Infusion Clinic Expansion. Of the agents included in the evaluation, rituximab, which is a component of many chemotherapy regimens, was identified as having the greatest opportunity for administration relocation—of 72 inpatient doses of rituximab, 39 met the criteria for potential for outpatient administration. The financial analysis revealed that nearly two-thirds (64%) of patients received at least one dose of rituximab, indicating a significant opportunity cost. Some rituximab chemotherapy regimens are provided in the inpatient environment due to the lack of available outpatient infusion chairs and the need for multiple days of continuous therapy. This evaluation supported an ongoing initiative at UNCH to open new outpatient facilities and expand infusion clinic operating hours to include weekends. Not incidentally, the effort will free inpatient beds for patients with acute needs.
The impact of these measures will be tracked to evaluate compliance, measure cost-savings, and enable follow-up analyses. Additional strategies to optimize immunologic therapy prescribing in the inpatient setting are under consideration, including using the EHR to alert prescribers to restrictions on certain agents, and working directly with manufacturers of high cost agents to optimize wholesale acquisition cost and GPO contract prices.
Shifting the setting of immunologic therapy administration can decrease the total cost of care at the patient and health-system level. Just under two-thirds (60%, 66 doses) of inpatient monoclonal antibody doses were identified as appropriate for outpatient administration, correlating with an opportunity cost of $1.1 to $1.4 million (a 50% to 75% shift).
Health systems may wish to evaluate their immunologic therapy utilization and implement similar strategies for improved use. As more health care payment structures evolve into a fee-for-value model, the focus on drug cost containment will become increasingly important. Examining and, if appropriate, relocating administration of immunologic therapy, is an effective and appropriate step toward patient-centered, value-based health care.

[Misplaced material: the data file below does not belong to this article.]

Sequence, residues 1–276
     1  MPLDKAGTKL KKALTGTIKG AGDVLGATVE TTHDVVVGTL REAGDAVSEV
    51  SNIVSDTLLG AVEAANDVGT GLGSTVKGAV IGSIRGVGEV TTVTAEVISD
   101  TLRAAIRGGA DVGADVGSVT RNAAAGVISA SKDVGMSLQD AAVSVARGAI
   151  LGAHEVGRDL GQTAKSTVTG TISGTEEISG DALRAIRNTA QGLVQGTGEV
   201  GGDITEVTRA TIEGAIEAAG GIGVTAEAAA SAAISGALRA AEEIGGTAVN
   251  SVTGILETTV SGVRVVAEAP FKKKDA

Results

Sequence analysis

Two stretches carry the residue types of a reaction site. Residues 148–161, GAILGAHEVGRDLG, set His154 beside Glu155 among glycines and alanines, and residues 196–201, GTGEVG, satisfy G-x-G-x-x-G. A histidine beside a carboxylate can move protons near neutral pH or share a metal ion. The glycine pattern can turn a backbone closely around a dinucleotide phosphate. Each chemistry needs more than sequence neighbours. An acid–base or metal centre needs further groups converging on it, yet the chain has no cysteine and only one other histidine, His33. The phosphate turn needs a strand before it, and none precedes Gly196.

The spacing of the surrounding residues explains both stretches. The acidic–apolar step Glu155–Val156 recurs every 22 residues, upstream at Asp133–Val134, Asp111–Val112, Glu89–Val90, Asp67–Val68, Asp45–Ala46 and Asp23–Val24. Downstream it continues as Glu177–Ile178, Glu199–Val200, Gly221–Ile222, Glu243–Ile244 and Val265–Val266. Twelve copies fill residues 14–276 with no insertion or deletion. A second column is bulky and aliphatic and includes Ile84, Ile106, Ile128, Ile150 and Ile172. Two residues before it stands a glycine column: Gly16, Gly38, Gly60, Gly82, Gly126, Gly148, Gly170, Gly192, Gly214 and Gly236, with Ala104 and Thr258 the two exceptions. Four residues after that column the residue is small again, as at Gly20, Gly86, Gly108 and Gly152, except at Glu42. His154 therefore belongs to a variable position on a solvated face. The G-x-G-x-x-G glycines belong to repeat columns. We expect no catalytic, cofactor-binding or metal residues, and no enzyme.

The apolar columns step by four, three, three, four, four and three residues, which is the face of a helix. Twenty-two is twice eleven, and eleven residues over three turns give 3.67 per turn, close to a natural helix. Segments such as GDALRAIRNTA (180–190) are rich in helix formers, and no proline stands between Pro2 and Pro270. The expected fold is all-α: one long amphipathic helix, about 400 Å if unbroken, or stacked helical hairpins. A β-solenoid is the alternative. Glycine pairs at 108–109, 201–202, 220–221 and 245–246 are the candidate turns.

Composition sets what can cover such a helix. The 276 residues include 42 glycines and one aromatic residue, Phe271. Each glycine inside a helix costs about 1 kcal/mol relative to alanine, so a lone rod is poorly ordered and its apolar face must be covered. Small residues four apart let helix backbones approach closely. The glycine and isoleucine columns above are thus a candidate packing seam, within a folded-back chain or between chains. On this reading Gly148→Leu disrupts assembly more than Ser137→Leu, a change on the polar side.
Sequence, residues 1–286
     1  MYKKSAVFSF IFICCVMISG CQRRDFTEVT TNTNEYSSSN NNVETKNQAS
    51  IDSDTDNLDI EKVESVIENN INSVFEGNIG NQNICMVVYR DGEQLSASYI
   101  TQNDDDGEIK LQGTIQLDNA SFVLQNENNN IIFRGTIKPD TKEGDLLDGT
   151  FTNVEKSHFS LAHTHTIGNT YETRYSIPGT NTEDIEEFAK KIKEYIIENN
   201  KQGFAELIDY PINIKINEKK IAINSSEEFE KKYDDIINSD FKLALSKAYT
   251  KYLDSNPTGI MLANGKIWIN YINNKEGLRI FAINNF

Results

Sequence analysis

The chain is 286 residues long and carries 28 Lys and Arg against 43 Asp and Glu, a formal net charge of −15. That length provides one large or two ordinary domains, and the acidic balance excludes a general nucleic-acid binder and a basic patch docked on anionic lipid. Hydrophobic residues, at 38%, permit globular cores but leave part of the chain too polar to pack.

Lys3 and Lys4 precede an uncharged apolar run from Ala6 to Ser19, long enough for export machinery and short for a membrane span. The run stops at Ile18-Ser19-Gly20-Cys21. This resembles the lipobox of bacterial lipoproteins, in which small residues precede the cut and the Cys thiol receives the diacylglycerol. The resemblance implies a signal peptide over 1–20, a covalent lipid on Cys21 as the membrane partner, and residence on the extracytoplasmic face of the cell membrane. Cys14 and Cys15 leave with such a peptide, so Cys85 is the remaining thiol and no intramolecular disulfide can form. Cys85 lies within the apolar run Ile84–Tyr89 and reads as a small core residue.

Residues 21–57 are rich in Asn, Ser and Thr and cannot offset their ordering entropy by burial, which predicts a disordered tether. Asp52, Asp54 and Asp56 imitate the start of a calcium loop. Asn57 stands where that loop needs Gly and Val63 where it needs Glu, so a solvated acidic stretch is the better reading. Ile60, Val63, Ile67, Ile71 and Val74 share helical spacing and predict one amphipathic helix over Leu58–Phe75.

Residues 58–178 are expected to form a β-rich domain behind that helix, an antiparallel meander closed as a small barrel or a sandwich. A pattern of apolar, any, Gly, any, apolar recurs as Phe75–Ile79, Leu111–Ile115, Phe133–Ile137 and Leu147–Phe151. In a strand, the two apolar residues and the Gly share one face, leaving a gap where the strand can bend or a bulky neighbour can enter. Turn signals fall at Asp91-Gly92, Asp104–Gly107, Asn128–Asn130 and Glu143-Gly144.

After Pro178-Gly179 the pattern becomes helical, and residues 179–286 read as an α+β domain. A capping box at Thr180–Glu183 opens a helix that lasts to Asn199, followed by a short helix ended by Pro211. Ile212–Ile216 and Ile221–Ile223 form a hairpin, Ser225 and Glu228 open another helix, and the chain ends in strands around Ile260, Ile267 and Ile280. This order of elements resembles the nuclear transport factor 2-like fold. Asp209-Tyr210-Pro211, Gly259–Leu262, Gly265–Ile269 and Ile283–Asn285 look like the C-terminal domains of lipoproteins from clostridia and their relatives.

Danielle A. Griggs, PharmD, MBA,* is a PGY1 health-system pharmacy administration resident at UNCH and is currently completing an MS in health-system pharmacy administration at the University of North Carolina (UNC) Eshelman School of Pharmacy. She received her PharmD from the University of Kentucky (UK) College of Pharmacy and her MBA from the UK Gatton College of Business and Economics.
Kevin N. Hansen, PharmD,* is a PGY1 health-system pharmacy administration resident at UNCH and is currently completing an MS in health-system pharmacy administration at the UNC Eshelman School of Pharmacy. He received his PharmD from Lake Erie College of Osteopathic Medicine.
T. David Marr, PharmD, MBA,* is a PGY1 health-system pharmacy administration resident at UNCH and is currently completing an MS in health-system pharmacy administration at the UNC Eshelman School of Pharmacy. He received his PharmD from the UK College of Pharmacy and his MBA from the UK College of Business and Economics.
David A. South, PharmD,* is a PGY1 health-system pharmacy administration resident at UNCH and is currently completing an MS in health-system pharmacy administration at the UNC Eshelman School of Pharmacy. He received his PharmD from Samford University McWhorter School of Pharmacy.
Adam S. Wolfe, PharmD, MS, BCPS, is an informatics pharmacist at Cornerstone Health Enablement Strategic Solutions. At the time of writing, he was the pharmacy business intelligence and data analytics coordinator at the UNC Medical Center. He received his PharmD from the University of Utah School of Pharmacy and his MS in health-system pharmacy administration from the UNC Eshelman School of Pharmacy.
Ashley L. Pappas, PharmD, BCPS, is the lead pharmacist for medication use advancement at UNCH and an assistant professor of clinical education at the UNC Eshelman School of Pharmacy. She received her PharmD from the Virginia Commonwealth University and is working on her Masters in Healthcare Administration at UNC.
*These authors contributed equally to this work.